It is customary to send Mishloach Manot to friends and strangers.
Reprinted with permission of the author, whose website can be visited at www.rabbishmuel.com.
The ninth chapter of the Book of Esther states (verse 19): "Therefore the Jews of the villages, that dwelt in the unwalled towns, made the 14th day of the month of Adar a day of gladness and feasting, a holiday, and of sending portions to one another (mishloach manot)."
From this historical event our rabbis teach that the Jewish people must send gifts of food to each other on the holiday of Purim. However, the question arises: What is the ultimate purpose of these gifts?
One approach sees the mitzvah [commandment] of mishloach manot as counteracting the accusations of Haman. Haman accused the Jews of being "a scattered, and divided nation." Thus, the Jewish people send gifts to each other in order to show that they are not divided, but rather are united. (Following this mitzvah can be understood as a positive reinterpretation of midah ke-neged midah--measure for measure.) The mishloach manot bring peace and harmony to an at times divisive and fractured Jewish community.
This explains why some maintain that one may fulfill the mitzvah of mishloach manot by sending not food, but words of Torah. Since the purpose of this mitzvah is to unite the Jewish people, one can fulfill the mitzvah with anything that achieves this goal. And what better method is there of achieving harmony amongst fellow Jews than by sharing words of Torah? (See Rabbi Yonah Metzger, Mi-Yam Ha-Halakhah, sec. 113.)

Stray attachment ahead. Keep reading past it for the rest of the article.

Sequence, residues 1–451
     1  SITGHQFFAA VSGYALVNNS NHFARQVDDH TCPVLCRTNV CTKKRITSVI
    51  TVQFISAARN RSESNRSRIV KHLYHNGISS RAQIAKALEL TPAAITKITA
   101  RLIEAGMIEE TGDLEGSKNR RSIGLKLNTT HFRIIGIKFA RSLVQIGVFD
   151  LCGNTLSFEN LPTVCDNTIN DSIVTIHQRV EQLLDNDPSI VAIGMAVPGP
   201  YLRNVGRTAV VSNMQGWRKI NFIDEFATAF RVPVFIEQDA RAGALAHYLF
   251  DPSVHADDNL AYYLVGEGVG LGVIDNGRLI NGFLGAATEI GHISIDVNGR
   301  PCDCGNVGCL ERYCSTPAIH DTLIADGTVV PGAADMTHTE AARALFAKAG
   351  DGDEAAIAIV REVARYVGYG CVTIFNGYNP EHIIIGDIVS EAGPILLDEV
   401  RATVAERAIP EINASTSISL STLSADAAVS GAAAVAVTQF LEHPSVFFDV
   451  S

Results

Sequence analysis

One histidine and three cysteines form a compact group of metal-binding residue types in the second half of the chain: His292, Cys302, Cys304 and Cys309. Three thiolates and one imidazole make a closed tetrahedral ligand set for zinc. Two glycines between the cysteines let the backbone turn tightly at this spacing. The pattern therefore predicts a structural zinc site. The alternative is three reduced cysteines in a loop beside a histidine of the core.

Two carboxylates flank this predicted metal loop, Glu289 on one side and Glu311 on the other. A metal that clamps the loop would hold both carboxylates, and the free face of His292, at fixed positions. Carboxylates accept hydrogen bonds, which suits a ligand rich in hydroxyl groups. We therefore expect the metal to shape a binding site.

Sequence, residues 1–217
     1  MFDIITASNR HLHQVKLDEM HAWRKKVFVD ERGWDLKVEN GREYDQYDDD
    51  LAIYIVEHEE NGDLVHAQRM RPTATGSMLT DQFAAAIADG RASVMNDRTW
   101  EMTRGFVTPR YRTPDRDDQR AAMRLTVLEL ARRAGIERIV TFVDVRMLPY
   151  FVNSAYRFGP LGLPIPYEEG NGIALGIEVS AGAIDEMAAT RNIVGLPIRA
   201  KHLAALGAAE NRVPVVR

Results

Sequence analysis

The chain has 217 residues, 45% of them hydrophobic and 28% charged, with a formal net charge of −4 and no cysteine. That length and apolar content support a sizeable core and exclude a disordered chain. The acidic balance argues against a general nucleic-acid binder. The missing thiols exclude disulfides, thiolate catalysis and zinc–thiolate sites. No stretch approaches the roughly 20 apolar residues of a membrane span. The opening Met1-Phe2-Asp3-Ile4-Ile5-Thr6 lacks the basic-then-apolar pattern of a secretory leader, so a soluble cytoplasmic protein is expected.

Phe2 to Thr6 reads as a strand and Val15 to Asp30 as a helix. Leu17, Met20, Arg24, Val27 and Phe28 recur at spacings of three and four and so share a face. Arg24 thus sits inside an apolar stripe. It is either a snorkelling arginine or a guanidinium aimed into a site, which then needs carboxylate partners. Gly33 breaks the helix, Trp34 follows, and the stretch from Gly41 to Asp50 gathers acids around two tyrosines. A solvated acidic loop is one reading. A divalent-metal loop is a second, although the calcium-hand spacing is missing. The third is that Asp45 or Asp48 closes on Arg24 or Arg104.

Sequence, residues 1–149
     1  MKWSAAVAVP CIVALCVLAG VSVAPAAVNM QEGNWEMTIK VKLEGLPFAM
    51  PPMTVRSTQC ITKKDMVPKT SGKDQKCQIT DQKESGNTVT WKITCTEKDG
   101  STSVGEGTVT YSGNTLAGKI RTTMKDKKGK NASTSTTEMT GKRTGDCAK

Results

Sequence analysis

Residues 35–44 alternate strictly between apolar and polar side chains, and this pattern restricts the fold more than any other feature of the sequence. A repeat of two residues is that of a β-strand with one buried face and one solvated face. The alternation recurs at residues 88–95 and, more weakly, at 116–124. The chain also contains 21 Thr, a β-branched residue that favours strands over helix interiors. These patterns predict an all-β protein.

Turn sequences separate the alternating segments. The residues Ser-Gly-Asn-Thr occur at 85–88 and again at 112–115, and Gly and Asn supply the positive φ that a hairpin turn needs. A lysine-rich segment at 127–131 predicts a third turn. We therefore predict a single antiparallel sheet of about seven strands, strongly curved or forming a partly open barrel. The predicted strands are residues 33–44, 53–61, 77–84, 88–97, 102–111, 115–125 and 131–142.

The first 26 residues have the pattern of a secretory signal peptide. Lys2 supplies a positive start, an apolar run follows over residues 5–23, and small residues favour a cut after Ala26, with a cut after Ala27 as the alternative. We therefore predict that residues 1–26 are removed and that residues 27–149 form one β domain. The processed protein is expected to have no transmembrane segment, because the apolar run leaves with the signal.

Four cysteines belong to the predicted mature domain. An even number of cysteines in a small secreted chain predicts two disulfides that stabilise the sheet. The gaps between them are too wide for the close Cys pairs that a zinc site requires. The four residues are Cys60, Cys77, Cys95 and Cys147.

A second explanation for the mitzvah appears in the Terumat Ha-Deshen (sec. 111) of Rabbi Israel Isserlein (15th century, Vienna), who writes: "It appears that the reason for this mitzvah is so that everyone can fulfill the mitzvah of eating a proper, festive meal on Purim." In other words, the mitzvah intends to guarantee that rich and poor alike are provided for at the Purim meal. (It may also be taken as a symbol that both Jewish rich and poor. should recognize the universal aspect of redemption from the physical extinction of the entire nation).
This second approach raises another question. Indeed, there is already another mitzvah that assures that the poor are provided for on Purim, i.e. the mitzvah of mattanot le-evyonim (sending gifts to the poor). Why, then, is there a need for a second mitzvah of mishloach manot? So some suggest that the mitzvah of mishloach manot actually derives from the mitzvah of giving gifts to the poor on Purim. However, due to concern that the poor would feel ashamed that only they did not have sufficient means to provide for the Purim meal, the rabbis decreed that not only the poor, but all people should send and receive gifts on the holiday of Purim.